It’s the end of the week that saw the SDN Meets Labs down in Walldorf. There was plenty of interest (apparently over 300 people attended, way more than in the similar event held in Palo Alto earlier this year) during, before and after (lots of reviews on the ‘planet’ SDN weblog collective).
But despite this interest, and despite the great efforts of those behind the scenes (thanks Karl and Mark) to get the behemoth to provide blanket Internet access for the conference location, there was something, well, lacking. It’s something that some people have noticed and talked about before now, something that’s particularly European (or rather, non-U.S.). Whereas at U.S.-based events (for example, O’Reilly’s OSCON, or more pertinently, the SDN Meets Labs in Palo Alto) there’s a parallel conversation, a parallel conference going on in the ether, via IM, IRC, and weblogging, there’s a noticeable silence at some events in Europe. For example, at the Palo Alto event, there was active participation from people not actually there (with a lot of help from the webcasts), and plenty of conversation in the #sdnmeetslabs backchannel. In Walldorf this week, you could see the digital tumbleweed roll by in there – partly due to the fact that the Internet connectivity didn’t extend to the actual session rooms.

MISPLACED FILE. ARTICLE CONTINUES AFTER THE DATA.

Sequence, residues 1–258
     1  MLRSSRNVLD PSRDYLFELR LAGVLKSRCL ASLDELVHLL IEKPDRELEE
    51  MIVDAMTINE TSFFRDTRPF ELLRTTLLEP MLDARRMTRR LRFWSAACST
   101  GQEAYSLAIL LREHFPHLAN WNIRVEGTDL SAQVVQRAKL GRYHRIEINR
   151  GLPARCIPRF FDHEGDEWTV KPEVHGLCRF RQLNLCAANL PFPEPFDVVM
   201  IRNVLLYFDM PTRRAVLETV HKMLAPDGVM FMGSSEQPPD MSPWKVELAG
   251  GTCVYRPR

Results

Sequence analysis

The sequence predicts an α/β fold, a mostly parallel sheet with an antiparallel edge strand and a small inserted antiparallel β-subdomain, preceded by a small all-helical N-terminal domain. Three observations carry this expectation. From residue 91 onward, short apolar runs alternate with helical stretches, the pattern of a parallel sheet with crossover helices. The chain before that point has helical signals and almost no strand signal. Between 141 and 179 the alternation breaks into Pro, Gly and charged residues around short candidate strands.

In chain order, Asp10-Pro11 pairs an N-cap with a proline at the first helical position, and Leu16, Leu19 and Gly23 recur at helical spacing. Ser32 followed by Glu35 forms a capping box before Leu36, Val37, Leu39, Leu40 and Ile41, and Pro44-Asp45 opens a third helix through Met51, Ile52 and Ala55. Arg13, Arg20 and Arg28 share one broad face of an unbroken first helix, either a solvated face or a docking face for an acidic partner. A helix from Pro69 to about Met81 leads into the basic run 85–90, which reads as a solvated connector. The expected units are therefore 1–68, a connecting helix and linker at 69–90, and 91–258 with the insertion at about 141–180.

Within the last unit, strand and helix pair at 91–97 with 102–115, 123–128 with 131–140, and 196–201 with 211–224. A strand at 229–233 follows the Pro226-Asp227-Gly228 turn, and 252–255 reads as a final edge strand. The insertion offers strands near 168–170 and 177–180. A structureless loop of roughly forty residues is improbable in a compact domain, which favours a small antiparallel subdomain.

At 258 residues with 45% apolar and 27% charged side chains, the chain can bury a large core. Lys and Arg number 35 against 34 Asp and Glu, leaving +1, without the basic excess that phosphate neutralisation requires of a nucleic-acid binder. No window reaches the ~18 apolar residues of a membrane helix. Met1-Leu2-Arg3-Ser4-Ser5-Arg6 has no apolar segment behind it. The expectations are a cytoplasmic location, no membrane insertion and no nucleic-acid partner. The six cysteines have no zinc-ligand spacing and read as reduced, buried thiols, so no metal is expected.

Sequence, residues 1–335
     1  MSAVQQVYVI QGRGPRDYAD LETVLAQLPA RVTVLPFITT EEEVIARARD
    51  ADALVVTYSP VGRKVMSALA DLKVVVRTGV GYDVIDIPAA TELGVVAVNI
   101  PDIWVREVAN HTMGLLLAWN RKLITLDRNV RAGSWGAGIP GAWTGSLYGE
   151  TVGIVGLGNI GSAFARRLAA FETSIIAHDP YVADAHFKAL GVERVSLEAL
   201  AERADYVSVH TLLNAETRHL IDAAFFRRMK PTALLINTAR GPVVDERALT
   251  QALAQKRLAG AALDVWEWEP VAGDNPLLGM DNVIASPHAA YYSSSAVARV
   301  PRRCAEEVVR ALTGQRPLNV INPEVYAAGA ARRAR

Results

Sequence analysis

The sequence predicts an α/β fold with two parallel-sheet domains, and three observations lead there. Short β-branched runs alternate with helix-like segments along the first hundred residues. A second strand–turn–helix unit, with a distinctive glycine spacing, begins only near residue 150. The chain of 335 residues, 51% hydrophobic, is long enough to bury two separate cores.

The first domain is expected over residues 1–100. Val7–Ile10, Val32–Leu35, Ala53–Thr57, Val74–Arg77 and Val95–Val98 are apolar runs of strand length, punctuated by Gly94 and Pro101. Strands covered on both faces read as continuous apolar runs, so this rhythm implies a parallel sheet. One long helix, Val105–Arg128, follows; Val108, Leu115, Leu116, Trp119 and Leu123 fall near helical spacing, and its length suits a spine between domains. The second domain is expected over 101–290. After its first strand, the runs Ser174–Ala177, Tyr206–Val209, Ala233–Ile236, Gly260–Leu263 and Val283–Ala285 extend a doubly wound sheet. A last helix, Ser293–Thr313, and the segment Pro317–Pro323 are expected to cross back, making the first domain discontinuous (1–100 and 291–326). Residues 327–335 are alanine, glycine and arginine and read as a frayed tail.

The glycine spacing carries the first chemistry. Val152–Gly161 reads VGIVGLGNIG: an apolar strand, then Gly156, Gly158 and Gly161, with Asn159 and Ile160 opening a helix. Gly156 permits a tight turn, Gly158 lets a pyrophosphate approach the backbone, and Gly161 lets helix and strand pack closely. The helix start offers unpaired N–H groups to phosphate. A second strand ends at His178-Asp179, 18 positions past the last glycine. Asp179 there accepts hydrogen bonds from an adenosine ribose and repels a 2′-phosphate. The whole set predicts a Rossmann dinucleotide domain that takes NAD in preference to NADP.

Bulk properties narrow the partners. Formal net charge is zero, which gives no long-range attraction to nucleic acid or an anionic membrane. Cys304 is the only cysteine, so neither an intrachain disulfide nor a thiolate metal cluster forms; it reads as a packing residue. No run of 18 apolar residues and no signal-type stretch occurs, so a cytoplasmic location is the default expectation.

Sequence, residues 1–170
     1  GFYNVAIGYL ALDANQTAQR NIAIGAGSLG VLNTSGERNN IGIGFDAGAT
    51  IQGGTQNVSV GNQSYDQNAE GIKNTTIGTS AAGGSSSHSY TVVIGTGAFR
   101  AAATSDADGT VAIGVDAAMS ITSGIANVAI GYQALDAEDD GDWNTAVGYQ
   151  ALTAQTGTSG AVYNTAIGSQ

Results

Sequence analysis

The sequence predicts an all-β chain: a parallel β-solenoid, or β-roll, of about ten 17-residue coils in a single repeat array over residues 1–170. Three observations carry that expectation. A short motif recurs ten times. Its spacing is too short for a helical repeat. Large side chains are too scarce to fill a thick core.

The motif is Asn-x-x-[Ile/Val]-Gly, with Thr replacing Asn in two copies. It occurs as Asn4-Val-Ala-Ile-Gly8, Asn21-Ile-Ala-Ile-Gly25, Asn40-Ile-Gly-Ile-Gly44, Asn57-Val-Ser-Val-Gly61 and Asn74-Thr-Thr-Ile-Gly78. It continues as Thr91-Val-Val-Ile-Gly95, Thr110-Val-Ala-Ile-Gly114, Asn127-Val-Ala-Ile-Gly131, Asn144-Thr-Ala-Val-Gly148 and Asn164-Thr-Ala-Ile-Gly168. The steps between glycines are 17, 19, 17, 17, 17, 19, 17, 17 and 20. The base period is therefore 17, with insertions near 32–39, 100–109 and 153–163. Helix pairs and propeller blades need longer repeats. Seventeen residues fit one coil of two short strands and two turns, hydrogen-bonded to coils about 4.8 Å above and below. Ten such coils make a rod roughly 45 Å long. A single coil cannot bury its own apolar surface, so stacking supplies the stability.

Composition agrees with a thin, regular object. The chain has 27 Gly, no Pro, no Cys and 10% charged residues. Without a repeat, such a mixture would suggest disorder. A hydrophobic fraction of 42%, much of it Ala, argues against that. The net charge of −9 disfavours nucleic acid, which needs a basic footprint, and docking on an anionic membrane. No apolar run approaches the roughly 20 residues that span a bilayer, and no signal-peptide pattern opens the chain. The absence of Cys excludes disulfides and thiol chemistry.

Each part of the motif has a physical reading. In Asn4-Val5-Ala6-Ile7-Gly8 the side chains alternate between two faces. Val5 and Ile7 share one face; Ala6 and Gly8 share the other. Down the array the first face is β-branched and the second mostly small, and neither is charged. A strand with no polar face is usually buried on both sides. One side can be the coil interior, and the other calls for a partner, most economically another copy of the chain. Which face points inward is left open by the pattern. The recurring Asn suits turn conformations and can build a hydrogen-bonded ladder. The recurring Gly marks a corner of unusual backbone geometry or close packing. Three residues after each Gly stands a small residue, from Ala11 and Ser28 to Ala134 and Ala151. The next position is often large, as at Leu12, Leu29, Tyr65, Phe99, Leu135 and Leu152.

I think it’s partly the environment (Internet availability at SAP events have been poor to non-existent in the past), but it’s also culture. Matthew has talked about before – conferences are two-way, not one-way. In other words, events are read/write, not read-only. The culture in Europe needs to change. Change from within the corporate mind, and from within the minds of event attendees. I think it is changing. And the more companies realise the benefit of two-way interaction at technical events, the quicker the change will happen.
Roll on Euro-OSCON!